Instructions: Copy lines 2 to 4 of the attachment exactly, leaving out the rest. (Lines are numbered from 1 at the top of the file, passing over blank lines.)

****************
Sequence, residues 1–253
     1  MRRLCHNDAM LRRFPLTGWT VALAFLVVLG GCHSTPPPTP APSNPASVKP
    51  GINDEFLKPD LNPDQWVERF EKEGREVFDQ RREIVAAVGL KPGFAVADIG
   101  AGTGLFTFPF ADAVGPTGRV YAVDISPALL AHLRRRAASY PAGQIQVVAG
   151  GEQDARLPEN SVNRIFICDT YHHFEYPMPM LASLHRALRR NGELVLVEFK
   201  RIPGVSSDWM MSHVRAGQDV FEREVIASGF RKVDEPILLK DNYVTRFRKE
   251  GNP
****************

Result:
     1  MRRLCHNDAM LRRFPLTGWT VALAFLVVLG GCHSTPPPTP APSNPASVKP
    51  GINDEFLKPD LNPDQWVERF EKEGREVFDQ RREIVAAVGL KPGFAVADIG
   101  AGTGLFTFPF ADAVGPTGRV YAVDISPALL AHLRRRAASY PAGQIQVVAG